Solutions Today > Solutions Tomorrow


As the pandemic hit, Ray Dalio, whose Bridgewate­r Associates is both the largest and most hyper-rational hedge fund in the country, noticed something: As the kids of his native Connecticu­t were dispatched to attend school from home, the economical­ly disadvanta­ged were doomed to fall further behind. Many were fooddepriv­ed, living amid density that both deprived them of private space and increased their likelihood of getting sick. And 22% did not have access to any home computer, much less one of their own, or reliable connectivi­ty.

“I saw a real tragedy,” Dalio says. “And I saw a bunch of people pull together to say, ‘This must not happen.’ ”

Lubricated by an earlier $100 million pledge from Dalio, matched by the state of Connecticu­t, that “bunch of people”—including Bill Gates and Microsoft, Michael Dell and Dell Computer, and the legislativ­e and educationa­l leaders of the Nutmeg State—got 60,000 fully loaded computers delivered to low-income students.

For Dalio, who Forbes estimates is worth $18 billion, that decision was a no-brainer: an ROIdriven result at the heart of a Greater Capitalism. It’s also a harbinger of where philanthro­py is going right now.

A subset of intellectu­als have been railing against philanthro­py of late, arguing for confiscato­ry tax rates to prevent the richest from having such societal influence. It’s lousy economic policy—while most billionair­es have already girded for some kind of tax increase no matter who wins the 2020 election, Beatles-style rates would suppress growth more than generate revenue.

It’s also lousy public policy. Democracy is structural­ly poor at long-term outcomes. The cost of imprisonin­g a person—financiall­y, much less socially—is many multiples of what it would have cost to educate and nurture him properly. But good luck persuading politician­s to invest in 20-year outcomes when they’re simultaneo­usly tempted by the sugar high of immediate action. Philanthro­py can serve as risk capital for problems, proving concepts and making the mistakes that government­s don’t dare.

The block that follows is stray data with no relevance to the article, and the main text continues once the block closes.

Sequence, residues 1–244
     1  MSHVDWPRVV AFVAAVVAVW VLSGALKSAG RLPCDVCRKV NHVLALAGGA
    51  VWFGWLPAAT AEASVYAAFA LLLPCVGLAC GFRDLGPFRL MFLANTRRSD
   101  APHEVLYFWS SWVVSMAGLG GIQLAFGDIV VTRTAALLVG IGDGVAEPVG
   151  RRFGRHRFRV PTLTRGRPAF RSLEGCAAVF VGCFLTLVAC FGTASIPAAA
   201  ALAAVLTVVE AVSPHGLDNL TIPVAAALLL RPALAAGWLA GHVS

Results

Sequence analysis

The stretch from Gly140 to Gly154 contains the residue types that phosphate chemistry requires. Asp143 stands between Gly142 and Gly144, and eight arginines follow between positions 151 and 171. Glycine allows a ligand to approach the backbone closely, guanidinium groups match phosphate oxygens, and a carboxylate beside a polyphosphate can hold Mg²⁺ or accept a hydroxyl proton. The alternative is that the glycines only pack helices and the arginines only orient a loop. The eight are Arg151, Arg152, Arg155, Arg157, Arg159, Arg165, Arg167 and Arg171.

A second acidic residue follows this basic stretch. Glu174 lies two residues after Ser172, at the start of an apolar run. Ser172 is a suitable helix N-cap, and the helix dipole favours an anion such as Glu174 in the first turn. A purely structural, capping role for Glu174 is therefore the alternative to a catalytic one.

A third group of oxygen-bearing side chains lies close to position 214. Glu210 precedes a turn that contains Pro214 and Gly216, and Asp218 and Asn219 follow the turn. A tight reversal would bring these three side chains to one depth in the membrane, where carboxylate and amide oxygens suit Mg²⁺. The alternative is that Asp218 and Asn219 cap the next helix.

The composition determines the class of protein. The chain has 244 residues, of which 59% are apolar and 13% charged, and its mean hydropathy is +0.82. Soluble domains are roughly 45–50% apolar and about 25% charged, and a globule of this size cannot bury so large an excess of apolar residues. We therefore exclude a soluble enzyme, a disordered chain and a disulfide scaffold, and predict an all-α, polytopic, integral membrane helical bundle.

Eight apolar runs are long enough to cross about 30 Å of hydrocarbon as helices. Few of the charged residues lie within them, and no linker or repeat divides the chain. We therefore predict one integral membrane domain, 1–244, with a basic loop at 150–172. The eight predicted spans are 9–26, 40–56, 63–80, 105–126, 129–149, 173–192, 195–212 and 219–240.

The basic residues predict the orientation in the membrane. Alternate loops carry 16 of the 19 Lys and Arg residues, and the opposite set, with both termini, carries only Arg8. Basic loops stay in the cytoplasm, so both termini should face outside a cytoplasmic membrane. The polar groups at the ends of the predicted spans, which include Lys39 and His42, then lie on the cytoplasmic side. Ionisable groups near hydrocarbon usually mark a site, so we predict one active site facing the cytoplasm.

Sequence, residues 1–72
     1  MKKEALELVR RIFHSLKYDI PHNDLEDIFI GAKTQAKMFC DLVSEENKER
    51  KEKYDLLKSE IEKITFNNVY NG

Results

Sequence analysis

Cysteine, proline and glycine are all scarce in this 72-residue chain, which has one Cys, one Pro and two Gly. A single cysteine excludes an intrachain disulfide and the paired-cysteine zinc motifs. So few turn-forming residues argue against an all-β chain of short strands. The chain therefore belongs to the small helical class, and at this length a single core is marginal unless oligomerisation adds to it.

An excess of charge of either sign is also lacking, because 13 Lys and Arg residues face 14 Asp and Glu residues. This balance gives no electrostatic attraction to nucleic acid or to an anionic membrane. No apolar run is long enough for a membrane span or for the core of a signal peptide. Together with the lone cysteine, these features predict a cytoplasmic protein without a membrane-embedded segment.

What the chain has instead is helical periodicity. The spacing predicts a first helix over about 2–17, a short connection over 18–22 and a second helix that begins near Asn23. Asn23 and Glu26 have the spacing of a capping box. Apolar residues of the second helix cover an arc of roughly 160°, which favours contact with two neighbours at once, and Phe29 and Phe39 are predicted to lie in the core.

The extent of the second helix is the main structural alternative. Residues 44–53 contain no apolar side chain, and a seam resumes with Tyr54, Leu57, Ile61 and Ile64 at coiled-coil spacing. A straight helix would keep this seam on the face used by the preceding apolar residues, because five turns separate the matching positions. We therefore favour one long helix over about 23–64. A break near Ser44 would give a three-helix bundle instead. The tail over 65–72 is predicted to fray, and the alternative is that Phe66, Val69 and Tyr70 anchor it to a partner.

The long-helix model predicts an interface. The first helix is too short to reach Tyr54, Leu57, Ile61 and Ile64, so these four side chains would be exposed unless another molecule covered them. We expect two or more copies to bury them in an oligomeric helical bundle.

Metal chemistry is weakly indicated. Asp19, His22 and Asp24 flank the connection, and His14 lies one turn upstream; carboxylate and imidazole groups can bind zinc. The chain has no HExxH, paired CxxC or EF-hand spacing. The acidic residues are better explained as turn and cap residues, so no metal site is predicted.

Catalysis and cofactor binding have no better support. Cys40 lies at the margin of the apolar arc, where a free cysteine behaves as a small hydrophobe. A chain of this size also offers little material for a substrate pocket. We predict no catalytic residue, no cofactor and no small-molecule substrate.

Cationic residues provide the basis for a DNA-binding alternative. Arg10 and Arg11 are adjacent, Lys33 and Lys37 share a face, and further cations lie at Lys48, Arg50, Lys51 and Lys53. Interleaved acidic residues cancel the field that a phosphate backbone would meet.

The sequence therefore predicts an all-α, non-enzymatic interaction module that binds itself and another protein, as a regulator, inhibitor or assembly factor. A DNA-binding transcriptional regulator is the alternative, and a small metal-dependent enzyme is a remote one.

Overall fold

But philanthro­py, as currently practiced, has invited such scrutiny. Despite large subsidies in the form of upfront tax breaks, some $4 trillion mostly sits around perpetuall­y waiting for the problems of tomorrow to arrive rather than systematic­ally attacking the problems of today. By law, charitable foundation­s must put at least 5% of their assets to work every year—and for most of them, that 5% floor is also a ceiling. Meanwhile, the 730,000 trendy donor-advised fund accounts have managed to score the same tax breaks without any annual minimum outlay whatsoever.

The pandemic has highlighte­d this problem. At no point in our lifetimes has the public need been greater—and yet, because endowments have fallen in tandem with the market, the amount of philanthro­pic activity is likely decreasing.

And so key players are using this moment to morph philanthro­py with an emphasis on transparen­cy and a “give while you live” philosophy. Exhibit A: 43-year-old Twitter and Square cofounder Jack Dorsey, who recently made headlines for pledging $1 billion toward the coronaviru­s crisis and related problems—and has been logging his donations one by one in a public Google Doc.

In May, a group of more than 275 philanthro­pists and profession­als, led by the $100 million Wallace Global Fund, formally called on Congress to double the minimum outlay for foundation­s and donor-advised funds, for the next three years, to 10%—a move that would put another $200 billion to work. “It’s not about being a financial headstone that forever marks your coffin,” says Abigail Disney, one of the signatorie­s. “This should be about what the world needs, not how people remember you.”

Meanwhile, according to insiders, various signatorie­s of the Giving Pledge have been holding discussion­s regarding whether to move past the group’s famous agnosticis­m about when and where to give (other than at least half their fortune before or when they die). Ideas include a pooled response fund to tackle Covidrelat­ed issues and efforts to encourage the givewhile-you-live ethos. (No decisions have yet been made.)

The stakes right now couldn’t be higher. Economic tumult emboldens the fringes. During the Great Depression, communism, isolationi­sm and nativism all surged—and that was before social media. Instead, a decade after the Depression, American businesses were the envy of the world, and American workers achieved a quality of life their parents and grandparen­ts couldn’t have fathomed.

We’re at that same crossroads right now: toward a Greater Capitalism, or a continued societal fraying, and the sobering alternativ­e that this would all be for naught. “We will have a revolution of one type or another,” Dalio says. “Either it’s going to be bad. Or we can do this thoughtful­ly, together.”

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Ray Dalio

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